A kitchen is the heart of any good home, and every good kitchen needs space to work and to entertain. A kitchen island is the perfect fixture for that much-needed countertop space, or a place for family to gather. Anyone remodeling their home knows about the codes required by the NEC for specific outlet placement, and how confusing it sounds.
Do kitchen islands need GFCI outlets?
GFCI stands for ground fault circuit interrupt. These outlets are required to serve the countertop, island, or table space, and up to 6 feet away from the top edge of a sink. The appropriate number of GFCI outlets required depends on the island’s total square footage.
All of the requirements for electrical coding can be found in the book of National Electrical Code (NEC). And, just like the title sounds, it’s packed with captivating technical explanations that can be troublesome to understand. Fortunately, it’s enough to know that GFCI outlets have become integral to almost every room and location in your home or building, especially the kitchen.
Do Kitchen Islands Need Outlets?
Kitchen islands expand the feel of your kitchen. They provide the much sought after countertop for your mixer or blender. They can be a place for that second sink to wash all the vegetables. Any design is possible, but you need to keep safety and accessibility in mind for your electrical outlets.
On an island, according to the NEC, one electrical outlet should be installed for every 2 feet of the long dimension and every 1 foot on the short dimension (210.52(C)(2)). For peninsulas or islands that have one end connected to a wall or counter, at least one electrical outlet must be installed for every 2 feet on the long dimension and every 1 foot on the short dimension measured from the connecting edge (210.52(C)(3)).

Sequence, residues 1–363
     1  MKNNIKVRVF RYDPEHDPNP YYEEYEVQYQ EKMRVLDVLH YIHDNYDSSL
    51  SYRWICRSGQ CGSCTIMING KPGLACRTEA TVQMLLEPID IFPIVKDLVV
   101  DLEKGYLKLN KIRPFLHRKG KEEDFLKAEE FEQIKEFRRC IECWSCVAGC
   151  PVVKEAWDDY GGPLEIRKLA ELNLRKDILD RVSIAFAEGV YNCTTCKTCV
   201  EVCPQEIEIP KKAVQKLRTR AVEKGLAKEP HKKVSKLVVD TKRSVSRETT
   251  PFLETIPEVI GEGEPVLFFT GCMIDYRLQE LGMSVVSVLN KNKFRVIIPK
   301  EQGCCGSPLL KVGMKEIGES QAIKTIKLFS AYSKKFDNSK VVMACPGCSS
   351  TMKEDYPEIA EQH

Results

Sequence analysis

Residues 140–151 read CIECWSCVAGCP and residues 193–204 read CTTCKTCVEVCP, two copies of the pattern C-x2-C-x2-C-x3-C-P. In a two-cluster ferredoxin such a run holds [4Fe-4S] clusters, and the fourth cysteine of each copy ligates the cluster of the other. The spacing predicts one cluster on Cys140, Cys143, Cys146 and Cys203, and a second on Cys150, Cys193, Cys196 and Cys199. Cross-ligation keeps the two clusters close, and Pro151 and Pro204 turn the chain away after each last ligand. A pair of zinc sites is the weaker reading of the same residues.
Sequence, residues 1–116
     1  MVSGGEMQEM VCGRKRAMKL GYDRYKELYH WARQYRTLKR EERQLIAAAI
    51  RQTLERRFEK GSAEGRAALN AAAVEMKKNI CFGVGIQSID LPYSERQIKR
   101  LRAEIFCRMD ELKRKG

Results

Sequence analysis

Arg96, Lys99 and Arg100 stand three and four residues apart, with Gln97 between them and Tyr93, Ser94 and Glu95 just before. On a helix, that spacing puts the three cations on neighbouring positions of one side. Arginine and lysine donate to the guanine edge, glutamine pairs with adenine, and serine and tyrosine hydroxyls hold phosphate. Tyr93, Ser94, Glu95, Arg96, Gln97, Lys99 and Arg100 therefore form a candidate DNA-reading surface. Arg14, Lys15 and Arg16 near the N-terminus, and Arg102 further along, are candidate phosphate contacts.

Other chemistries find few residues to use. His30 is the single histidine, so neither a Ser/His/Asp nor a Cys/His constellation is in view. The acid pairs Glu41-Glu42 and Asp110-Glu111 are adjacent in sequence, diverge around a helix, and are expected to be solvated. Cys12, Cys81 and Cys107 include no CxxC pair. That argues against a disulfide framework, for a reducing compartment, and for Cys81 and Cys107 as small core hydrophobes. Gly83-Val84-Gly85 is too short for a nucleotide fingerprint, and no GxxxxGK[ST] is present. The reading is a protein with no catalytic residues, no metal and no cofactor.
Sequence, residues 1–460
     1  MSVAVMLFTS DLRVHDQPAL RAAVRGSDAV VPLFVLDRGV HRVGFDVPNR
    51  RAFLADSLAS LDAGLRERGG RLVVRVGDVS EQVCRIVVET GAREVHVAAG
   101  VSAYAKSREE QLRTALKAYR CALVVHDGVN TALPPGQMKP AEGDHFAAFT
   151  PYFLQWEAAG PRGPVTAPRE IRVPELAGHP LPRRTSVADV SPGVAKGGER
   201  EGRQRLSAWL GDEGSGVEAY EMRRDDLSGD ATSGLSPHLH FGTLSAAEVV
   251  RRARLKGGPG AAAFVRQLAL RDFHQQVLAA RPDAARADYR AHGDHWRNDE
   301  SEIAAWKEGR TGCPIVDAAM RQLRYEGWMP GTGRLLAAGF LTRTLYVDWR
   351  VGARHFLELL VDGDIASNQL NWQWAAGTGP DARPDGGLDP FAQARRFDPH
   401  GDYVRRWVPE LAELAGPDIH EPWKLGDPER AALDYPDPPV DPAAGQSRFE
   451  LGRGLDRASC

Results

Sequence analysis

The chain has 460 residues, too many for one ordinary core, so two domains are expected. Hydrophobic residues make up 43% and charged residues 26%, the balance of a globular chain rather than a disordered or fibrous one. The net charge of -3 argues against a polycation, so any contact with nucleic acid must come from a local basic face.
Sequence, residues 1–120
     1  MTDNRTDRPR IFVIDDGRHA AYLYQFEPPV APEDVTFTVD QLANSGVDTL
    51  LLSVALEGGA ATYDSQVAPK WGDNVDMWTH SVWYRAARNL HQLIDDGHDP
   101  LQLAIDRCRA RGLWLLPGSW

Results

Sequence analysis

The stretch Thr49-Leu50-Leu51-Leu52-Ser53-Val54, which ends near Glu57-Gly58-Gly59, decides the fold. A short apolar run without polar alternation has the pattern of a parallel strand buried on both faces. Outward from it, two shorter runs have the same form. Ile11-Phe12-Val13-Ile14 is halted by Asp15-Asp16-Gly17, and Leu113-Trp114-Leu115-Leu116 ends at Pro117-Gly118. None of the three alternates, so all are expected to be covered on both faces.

Additional requirements include the following:
- Electrical receptacles should be placed no farther than 48 inches apart.
- No point on the countertop should be more than 2 feet away from an outlet.
- Countertops 12 inches or wider should have an outlet placed on the wall behind the counter.
- Outlets should be positioned 20 inches or less above the countertop, with certain exceptions for islands or peninsulas where this height rule can’t be met.
Rather than have you be familiar with the entire NEC handbook, most states will publish quick reference guides to the information, like this one from Florida.
What are GFCI Outlets?
Ground fault circuit interrupting outlets are electrical reciprocals that protect us from being shocked or injured by electronic devices. You have probably seen them before, the most common GFCI outlets have “test” and “reset” buttons in the center.
Here’s the science: they work by monitoring the amount of electricity being input from the “hot” end of your device compared to the output of the “neutral” end, the electrical cord attached to the outlet. If the outlet sensor detects even a fraction of a difference, the outlet interrupts the electrical current within milliseconds. Breaking the current and protecting the user from electrical shock and injury.
GFCI outlets are so effective in preventing injury that in 2020 the NEC updated their list of required locations for these outlets. These specific areas are places in the vicinity of water that require electricity:
- Laundry rooms
- Pool decks
GFCI outlets are currently industry standard in the United States because of their safety and reliability.
What Are the Different Types of GFCI outlets?
|15 amp Duplex Receptacle||The early American standard. You’ll find them in that fixer-upper, or your fairytale rebuild. These outlets are outdated because they don’t offer ground fault protection, which leads to accidental injury.|
|Basic GFCI||Monitors the flow of electrical input and output. Cuts off electrical flow if imbalance is detected.|
|Tamper Resistant GFCI||Focused on protecting in the case of accidental injury, especially in the case of children. A plastic cover is moved by the prongs of an A/C cord inserted into the outlet. The plastic cover slides back into place once the prongs are removed. In 2017, NEC updated requirements for all hallways, bathroom areas, small appliance circuits, wall spaces, laundry areas, garages, and countertops.|
|Weather Resistant GFCI||Designed to withstand extreme temperatures and corrosion. Required for patios, porches, pool areas, decks, or any other damp and outdoor location. Typically used with a weather-resistant cover.|